(CNN) — It’s called Gephyrophobia: fear of bridges.
The anxiety disorder sends shivers through travelers faced with crossing high bridges that millions of drivers use every day.
National headlines about bridge accidents don’t help — like the collapse of Washington’s Skagit River Bridge last May and July’s collision that sent a driver and her car tumbling off Maryland’s Chesapeake Bay Bridge. Bridge disasters feed larger fears about whether the people we trust to inspect, repair and replace our critical infrastructure are doing their jobs.
“I have this dream about a bridge that goes up and never comes down,” a driver told CNN Baltimore affiliate WJZ. “My fear is when I start to feel dizzy that I will pass out.”
Treatment varies, says psychologist Dr. Joe Bienvenu of Johns Hopkins University School of Medicine, but sometimes patients can overcome the fear by first imagining themselves traveling over a high bridge and eventually working toward being able to do it in real life.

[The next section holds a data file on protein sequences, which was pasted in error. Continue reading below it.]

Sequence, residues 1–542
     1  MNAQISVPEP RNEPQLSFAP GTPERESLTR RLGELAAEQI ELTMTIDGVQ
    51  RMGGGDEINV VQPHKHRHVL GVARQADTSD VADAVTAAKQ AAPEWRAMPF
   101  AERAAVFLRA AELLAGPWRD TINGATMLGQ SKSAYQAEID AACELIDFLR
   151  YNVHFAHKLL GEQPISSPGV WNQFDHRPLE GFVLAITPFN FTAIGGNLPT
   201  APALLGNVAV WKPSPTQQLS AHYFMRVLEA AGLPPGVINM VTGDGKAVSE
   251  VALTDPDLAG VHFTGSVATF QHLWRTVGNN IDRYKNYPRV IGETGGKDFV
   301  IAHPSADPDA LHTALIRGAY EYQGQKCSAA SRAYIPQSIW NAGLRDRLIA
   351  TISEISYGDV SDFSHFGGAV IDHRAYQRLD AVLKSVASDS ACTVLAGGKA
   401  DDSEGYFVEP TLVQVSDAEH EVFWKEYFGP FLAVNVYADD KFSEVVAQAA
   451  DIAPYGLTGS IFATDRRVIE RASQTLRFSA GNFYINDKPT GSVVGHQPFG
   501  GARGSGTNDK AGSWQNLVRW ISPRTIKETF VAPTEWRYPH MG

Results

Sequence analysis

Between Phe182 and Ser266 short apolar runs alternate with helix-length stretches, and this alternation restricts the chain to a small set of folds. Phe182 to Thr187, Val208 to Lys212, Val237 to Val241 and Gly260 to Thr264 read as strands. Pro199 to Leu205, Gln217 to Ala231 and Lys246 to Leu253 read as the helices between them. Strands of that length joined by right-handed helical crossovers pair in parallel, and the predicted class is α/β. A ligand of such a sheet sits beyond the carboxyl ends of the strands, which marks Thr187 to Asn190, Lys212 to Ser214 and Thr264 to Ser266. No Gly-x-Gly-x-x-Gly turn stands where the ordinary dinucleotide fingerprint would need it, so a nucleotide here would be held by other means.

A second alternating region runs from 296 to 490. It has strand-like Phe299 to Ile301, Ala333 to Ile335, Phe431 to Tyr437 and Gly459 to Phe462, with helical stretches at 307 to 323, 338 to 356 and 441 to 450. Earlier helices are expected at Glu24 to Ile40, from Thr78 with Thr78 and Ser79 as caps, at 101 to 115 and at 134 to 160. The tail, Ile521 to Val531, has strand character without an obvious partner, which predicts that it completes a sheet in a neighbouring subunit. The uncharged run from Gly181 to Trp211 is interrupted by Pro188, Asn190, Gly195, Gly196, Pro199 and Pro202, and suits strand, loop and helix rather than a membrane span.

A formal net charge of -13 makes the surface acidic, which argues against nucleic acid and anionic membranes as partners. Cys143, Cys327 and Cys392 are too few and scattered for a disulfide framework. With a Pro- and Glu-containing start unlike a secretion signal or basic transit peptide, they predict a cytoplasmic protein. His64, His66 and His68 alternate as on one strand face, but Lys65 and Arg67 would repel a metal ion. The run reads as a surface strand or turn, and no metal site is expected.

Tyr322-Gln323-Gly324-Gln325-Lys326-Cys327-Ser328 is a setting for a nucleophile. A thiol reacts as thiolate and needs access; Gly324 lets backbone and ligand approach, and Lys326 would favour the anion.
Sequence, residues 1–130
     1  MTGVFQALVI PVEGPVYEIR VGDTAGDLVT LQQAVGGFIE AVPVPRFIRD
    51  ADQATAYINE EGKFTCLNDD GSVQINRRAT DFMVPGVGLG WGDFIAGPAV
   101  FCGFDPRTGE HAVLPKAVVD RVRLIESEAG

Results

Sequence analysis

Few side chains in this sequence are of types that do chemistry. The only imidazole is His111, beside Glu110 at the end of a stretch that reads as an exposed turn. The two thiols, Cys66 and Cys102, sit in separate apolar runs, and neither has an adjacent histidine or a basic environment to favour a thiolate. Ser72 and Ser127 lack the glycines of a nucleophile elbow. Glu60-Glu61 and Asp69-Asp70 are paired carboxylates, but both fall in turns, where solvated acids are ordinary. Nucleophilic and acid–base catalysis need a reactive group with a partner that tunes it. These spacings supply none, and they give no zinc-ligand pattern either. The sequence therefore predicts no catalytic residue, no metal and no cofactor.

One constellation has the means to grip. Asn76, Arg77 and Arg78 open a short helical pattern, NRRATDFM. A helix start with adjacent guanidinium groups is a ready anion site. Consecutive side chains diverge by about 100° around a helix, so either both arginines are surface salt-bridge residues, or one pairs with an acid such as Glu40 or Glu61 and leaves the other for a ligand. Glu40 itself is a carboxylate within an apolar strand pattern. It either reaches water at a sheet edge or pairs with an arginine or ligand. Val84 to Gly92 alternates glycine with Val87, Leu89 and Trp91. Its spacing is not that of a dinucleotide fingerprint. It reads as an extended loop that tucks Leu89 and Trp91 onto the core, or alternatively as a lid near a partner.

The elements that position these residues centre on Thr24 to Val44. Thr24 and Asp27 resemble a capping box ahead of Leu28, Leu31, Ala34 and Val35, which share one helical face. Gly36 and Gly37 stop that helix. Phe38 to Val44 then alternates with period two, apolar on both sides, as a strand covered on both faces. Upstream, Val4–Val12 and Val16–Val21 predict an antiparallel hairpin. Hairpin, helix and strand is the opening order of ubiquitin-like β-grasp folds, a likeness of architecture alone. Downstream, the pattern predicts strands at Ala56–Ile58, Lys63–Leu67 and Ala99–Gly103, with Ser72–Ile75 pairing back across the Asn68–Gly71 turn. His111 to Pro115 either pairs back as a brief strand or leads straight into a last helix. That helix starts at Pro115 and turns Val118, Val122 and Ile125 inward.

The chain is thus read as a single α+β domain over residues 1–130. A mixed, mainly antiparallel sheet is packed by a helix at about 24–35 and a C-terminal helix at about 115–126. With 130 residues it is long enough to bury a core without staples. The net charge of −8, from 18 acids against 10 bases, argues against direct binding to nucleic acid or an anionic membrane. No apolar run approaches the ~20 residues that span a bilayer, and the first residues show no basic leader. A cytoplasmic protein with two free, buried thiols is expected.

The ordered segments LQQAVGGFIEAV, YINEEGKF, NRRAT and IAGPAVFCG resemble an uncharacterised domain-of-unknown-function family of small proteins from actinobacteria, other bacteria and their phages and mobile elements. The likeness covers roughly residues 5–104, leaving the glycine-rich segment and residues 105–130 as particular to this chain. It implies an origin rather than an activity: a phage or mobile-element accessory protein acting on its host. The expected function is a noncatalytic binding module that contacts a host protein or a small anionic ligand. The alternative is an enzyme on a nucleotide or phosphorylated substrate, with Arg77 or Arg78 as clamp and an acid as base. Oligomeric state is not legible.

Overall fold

“Sometimes people get over it very, very quickly,” says Bienvenu. Many high bridges offer services to have a driver take frightened travelers and their vehicles safely across.
Actually — the bridge from the driver’s dream isn’t so imaginary. There’s a real bridge just like it in Maine.
As you approach the nearly 75-year-old Deer Isle Bridge, the road surface appears to go up … and up … toward giant, looming green towers. Then, the asphalt appears to simply drop out of sight.
“It’s a mystery. That’s why you have that concern, you don’t readily see what’s in front of you” says bridge aficionado Patrick O’Donnell, who’s traveled to hundreds of bridges around the world. “You’ve gotta take it on faith as far as safely getting to the other side.”
The Lancaster County, Pennsylvania, husband, father and cabinet maker has spent the better part of his adulthood seeking out the thrill and beauty of magnificent bridges.